Simple Media Queries Tester

CSS Media Queries are getting more popular and the adjustment of the size of a website for different clients or the size of the browsers are more necessary. The Media Queries are a solution, which also have its advantages and disadvantages. It was a disadvantage, when using, that I couldn't see all sizes at the same time. So why not just a small script, the iframe element. If you like to use it, here is a simple solution or you can use the current script in my "Test-Laboratory".
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Add Menus to the Admin Bar of WordPress

The new WordPress admin bar facilitates the access of backend and frontend to areas of the back end. Of course, this new control element of WordPress is expandable and can be adapted to the needs of the user. In some areas and for various needs, quick access to different areas is certainly interesting.

The newly created menus can be adapted as usual rights to the appropriate roles. A small example will demonstrate the integration.
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Control WordPress Nav Menu via Custom Fields

WordPress 3.0 also includes the menus, in addition to a number of other new features. Normally you generate a menu automatically by creating pages, but under Appereance / Menus you can create your own menu and assign a place where it replaces the normal menu.

But whoever currently uses WordPress as a CMS and blog (like me) may now have a problem: If you look at the blog you should be able to see the normal pages in the navigation, but if you then select a page with many subpages it would be nice if the subpages were listed in the menu bar as well as listing only one entry "Blog" which brings you back to the blog page.

Conveniently, WordPress already includes everything you need to put together this idea. They are on the one hand of course the aforementioned menus, and on the other side there are Custom Fields. If you have not hidden, you can find at every post and every page an editor where you can enter meta data. Via this meta data and with the help of a small code snippet you can control what is displayed in the menu.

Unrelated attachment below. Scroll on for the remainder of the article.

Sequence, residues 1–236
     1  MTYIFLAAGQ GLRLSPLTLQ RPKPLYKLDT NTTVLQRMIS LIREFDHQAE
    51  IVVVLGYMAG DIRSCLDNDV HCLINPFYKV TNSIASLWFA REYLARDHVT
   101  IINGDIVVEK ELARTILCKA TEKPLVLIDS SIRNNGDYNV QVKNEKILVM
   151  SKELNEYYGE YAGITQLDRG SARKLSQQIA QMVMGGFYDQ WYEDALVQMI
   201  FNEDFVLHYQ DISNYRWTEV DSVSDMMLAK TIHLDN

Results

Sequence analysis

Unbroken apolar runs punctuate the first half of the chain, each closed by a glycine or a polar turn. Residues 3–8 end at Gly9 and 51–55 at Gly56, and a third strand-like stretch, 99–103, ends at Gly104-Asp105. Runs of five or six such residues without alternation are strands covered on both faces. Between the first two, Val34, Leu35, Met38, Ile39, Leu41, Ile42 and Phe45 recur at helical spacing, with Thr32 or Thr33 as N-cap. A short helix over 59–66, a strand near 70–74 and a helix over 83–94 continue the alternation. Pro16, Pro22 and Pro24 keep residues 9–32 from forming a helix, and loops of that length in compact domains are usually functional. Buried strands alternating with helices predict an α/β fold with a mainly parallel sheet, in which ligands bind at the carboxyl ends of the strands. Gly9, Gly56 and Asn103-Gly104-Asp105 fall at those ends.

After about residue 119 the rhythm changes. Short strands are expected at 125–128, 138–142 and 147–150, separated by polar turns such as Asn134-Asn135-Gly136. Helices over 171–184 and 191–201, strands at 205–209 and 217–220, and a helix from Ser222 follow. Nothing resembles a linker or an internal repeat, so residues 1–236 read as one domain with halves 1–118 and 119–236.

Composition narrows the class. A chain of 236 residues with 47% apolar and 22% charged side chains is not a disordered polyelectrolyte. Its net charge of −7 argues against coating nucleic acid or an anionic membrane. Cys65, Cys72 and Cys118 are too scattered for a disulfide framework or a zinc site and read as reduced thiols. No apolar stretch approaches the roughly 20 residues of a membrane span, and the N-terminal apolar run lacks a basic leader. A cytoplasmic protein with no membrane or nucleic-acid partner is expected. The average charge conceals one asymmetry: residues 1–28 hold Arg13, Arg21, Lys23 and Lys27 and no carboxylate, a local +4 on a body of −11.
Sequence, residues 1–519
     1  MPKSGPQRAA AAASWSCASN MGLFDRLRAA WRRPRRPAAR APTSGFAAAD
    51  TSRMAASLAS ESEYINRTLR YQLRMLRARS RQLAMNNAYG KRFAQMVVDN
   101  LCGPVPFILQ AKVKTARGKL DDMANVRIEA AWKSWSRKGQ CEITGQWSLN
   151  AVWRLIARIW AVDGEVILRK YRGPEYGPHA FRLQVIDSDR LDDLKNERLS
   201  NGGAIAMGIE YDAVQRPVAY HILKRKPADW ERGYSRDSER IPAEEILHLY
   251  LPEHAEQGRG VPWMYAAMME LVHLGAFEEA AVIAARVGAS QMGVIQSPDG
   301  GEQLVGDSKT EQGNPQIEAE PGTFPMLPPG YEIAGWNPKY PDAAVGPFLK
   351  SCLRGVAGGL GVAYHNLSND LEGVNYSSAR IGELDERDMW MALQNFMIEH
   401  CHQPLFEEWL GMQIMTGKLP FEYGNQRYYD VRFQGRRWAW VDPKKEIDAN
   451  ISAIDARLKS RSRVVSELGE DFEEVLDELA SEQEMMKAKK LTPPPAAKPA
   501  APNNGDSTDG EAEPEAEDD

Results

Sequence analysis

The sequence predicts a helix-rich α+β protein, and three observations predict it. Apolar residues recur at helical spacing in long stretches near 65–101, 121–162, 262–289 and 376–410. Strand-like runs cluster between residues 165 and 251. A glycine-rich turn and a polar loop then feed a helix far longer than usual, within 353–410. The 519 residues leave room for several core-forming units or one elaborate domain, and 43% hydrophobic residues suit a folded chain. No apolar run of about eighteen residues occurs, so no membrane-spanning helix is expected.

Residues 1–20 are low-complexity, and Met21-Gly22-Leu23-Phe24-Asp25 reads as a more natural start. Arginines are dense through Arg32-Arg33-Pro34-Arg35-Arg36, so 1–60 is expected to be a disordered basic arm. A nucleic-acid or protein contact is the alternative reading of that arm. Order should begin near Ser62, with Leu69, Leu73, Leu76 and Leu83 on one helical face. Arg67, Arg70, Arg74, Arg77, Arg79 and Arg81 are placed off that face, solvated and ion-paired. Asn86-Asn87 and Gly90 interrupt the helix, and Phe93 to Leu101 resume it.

You can put the code snippet in your functions.php of your Theme or in a Plugin.

//Filter the arguments for the wp_nav_menu_function to include a custom menu on pages.
function nr_2010_wp_nav_menu_args($args = '')
	if ( is_page() ) //custom menus only on sites
		global $post;

		$menu_name = get_post_meta($post->ID, 'menu_name', true);

		if( !empty($menu_name) && is_nav_menu($menu_name) )
			$args['menu'] = $menu_name;
	return $args;
add_filter( 'wp_nav_menu_args', 'nr_2010_wp_nav_menu_args' );

This code puts a filter on wp_nav_menu_args, these are the parameters of the function wp_nav_menu, which the Theme uses to output the menus.

As long as we are on a page (is_page()) the custom field menu_name will be used. If it's not empty and it has a menu with this name, the paramaters of this call will be modified, so it shows the right menu.

Only one thing left: Provide the correct meta data to the pages and create the corresponding menus. The menu editor is very intuitive, it shouldn't be a problem. Just a hint: It doesn't save automatically. 😉

Guest Post

This post was written by Niklas Rother - and is a post in our Advent Calendar Series on WP Engineer about WordPress.
Thank you very much from my part to Niklas.
If you also like to have your interesting post published on our website, please let us know on our contact page. Of course we will appreciate your contribution!

The WordPress Exif-Meta-Datas

WordPress stores when uploading files, some data in the meta data - the metadata. If there are pictures involved and these files contain EXIF data, then it outputs some EXIF data which can be used. For example, as additional information about the picture in a photo blog.

No matter what, and how you want to do that, here is a small function that reads the Exif data.
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